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Deaf musician Sean Forbes shines optimistic in his hip-hop 

Sean Forbes is a rapper. A good one, too. But that, in and of itself, isn't all that extraordinary. That is until you consider the fact that this young artist can't hear what he's doing. Sean Forbes is deaf. It's a perplexing dichotomy that precedes him: a deaf rapper.

What is admirable about Forbes is his tenacity in the face of living and performing in silence. Forbes's album, "Perfect Imperfection," is a video collection done in sign language while set to his music. He's an inspiring artist who loves what he does. He's an inspiring artist who loves being deaf.

Forbes got online to field a few questions. An edited copy of that conversation follows.

City: What's new in Sean Forbes's world?

Sean Forbes: My wife and I just became parents in June to a beautiful little girl. Besides becoming a dad, I just finished recording my sophomore album, and my nonprofit organization D-PAN, The Deaf Professional Arts Network, just finished another amazing American Sign Language music video that is going to be released very soon. D-PAN is also doing some new stuff outside of music that we're going to debut in the beginning of 2016.

Why did you choose hip-hop?

I like to think that hip-hop chose me. I grew up on rock and country, but when I felt hip-hop for the first time it resonated with me. I love drums, and I love lyrics so the two are really the forefront of hip-hop; add in a few spices and you've got me.

What do you write about lyrically?

I want to use my music to share a message of overcoming adversity and doing what you want to do. I hate songs about rims, girls, and money; those things don't resonate with me. When I was working on my first album there were a few songs that were just purely positive motivation, then I have a song like "Def Deaf Girls." Yes it's about girls, but if you really read the lyrics it's about liking strong women, especially ones that are deaf. A lot of artists today aren't necessarily role models, it's not something that "sells." But I never wanted to follow the trend and I continue that on my next album.

Have you been deaf since birth?

I have been deaf for as long as I can remember. I lost my hearing at one.

How do you hear or feel music?

I feel music. I feel it both physically and emotionally ... I like to think that I'm programmed with it. It's just a part of my DNA.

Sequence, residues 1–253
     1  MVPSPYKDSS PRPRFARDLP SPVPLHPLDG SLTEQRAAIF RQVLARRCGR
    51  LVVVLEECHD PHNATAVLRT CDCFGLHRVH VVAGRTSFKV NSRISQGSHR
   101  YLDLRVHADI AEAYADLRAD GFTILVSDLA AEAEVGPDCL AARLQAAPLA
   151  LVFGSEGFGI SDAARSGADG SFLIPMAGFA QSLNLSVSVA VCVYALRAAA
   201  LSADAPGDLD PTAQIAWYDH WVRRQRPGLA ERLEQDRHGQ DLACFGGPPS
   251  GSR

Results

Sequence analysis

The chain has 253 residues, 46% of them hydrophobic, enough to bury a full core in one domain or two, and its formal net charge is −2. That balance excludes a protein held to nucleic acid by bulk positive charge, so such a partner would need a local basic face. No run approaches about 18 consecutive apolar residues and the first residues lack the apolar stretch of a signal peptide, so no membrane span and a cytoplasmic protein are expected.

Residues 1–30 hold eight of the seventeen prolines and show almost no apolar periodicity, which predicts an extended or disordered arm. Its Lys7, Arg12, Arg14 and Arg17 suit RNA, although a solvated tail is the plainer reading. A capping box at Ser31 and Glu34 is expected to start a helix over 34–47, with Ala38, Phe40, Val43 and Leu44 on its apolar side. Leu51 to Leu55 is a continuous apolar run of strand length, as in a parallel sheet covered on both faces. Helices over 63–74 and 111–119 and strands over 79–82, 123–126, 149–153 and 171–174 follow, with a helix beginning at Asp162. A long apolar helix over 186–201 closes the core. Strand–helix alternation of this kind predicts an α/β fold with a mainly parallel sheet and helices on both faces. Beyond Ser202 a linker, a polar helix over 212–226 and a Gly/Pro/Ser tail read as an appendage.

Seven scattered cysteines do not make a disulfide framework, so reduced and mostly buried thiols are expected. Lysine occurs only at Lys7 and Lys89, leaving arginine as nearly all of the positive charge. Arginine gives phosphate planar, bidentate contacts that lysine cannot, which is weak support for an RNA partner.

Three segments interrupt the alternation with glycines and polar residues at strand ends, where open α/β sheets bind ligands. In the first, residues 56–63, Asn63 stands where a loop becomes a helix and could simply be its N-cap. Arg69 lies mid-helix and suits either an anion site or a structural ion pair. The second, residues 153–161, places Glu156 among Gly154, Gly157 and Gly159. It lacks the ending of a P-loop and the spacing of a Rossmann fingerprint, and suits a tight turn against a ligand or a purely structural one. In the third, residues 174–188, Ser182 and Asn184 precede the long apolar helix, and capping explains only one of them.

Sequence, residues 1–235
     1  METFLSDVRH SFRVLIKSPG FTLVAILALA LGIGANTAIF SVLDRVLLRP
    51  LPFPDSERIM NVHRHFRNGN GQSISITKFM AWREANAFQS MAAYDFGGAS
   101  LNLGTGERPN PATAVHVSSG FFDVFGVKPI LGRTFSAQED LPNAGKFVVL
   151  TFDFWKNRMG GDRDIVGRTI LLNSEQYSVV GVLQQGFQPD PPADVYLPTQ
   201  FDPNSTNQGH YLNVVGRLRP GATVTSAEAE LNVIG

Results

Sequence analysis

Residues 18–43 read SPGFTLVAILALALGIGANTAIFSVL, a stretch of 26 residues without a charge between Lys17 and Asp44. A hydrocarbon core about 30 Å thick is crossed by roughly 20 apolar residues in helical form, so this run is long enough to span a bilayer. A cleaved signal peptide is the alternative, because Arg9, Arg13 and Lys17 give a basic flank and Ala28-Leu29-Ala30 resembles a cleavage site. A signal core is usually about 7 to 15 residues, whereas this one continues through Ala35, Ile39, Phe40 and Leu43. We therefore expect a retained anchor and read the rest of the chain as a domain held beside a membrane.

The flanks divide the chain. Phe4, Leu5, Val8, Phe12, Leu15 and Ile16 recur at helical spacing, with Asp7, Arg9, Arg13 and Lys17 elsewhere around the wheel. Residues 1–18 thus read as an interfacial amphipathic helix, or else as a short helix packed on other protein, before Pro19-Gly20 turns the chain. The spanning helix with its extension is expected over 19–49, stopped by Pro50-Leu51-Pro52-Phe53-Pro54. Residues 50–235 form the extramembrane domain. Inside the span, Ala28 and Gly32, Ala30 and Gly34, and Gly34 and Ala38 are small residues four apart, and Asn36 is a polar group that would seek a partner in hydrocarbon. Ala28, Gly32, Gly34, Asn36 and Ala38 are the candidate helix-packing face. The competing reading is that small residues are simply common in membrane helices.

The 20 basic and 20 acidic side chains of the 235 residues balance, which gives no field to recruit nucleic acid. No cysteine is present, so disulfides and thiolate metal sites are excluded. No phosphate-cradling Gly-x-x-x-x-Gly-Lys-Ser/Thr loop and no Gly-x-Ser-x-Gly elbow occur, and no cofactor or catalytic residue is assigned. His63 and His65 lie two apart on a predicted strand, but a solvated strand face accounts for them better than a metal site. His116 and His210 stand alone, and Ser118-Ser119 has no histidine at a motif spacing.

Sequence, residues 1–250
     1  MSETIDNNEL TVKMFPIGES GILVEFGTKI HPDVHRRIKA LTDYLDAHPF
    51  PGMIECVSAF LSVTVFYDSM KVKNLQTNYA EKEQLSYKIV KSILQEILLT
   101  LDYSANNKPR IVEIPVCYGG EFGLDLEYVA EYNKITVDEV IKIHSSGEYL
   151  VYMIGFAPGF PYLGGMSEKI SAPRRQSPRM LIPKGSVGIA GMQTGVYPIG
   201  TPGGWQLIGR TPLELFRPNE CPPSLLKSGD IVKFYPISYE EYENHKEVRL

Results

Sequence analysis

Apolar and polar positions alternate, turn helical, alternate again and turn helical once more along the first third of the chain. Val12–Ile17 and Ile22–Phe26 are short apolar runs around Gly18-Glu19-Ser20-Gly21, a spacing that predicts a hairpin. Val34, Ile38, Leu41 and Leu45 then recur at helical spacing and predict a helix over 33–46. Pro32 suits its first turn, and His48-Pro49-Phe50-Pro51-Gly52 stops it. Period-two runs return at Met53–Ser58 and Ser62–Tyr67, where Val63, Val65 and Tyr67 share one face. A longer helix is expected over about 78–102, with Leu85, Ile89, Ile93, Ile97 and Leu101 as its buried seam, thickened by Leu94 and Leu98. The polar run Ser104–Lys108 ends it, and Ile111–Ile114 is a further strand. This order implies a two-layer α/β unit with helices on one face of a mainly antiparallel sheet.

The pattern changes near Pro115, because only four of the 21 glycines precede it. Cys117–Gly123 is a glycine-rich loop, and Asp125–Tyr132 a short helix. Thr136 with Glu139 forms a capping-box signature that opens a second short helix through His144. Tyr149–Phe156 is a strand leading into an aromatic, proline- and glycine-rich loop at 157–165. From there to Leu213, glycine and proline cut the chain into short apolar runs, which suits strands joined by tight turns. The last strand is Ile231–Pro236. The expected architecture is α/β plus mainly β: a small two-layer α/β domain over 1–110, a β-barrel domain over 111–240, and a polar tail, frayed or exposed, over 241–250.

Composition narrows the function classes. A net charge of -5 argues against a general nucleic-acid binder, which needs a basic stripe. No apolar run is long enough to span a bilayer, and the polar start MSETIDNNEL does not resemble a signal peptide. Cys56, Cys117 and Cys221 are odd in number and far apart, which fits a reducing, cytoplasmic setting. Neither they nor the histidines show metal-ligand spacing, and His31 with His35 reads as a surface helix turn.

Are people who see you for the first time surprised you're deaf?

I get that question a lot: "You're deaf and you do music?" To me, deafness is an identity. If I wasn't deaf I wouldn't have gone to RIT/NTID; I wouldn't have met all the people that I've met; I wouldn't have travelled the world inspiring thousands of people to chase their dreams just like I did ... I love being deaf.

What's something you can do musically that a hearing performer can't?

This might sound strange, but when I'm performing, I know the songs, I know where I'm going with the signing and rapping, so it's almost like a muscle reflex that is natural. I sometimes watch people's conversations while I'm performing, and they'll be asking themselves, "Is he married? I wonder how deaf he is." Then when the song is done, I point them out and answer their questions. I love to shock people and let them know that I am tuned in.

Are there other hearing impaired artists who have inspired you?

Chuck Baird is an inspiration. When I came onto the "Deaf Scene" I often felt like a misfit because people were like "Who is this guy? Where did he come from? He's doing music for the deaf?" It was Chuck, a famous deaf painter who passed away a few years ago, that came up to me and started talking about jazz musicians and how they weren't accepted, and making a comparison without making a comparison. He made me feel welcome. I have one of his artworks on the wall right outside my studio, so I see it every time before I go to work on a new song.

What inspires you the most?

Young kids that think they don't have a future, then I hang out with them and tell them my story, ask them what they want to do, and I ask them, "What's stopping you," and they never have an answer. I always encourage them. Giving up is the easiest thing to do, but working hard for what you want is the most rewarding.

What's next?

I like to fly by the seat of my pants. I like to think I've done pretty well for myself taking that approach. It's not ethical and it wouldn't work for everyone, but things have happened for me organically and I'm going to continue that. So I'll ask you: what's next?

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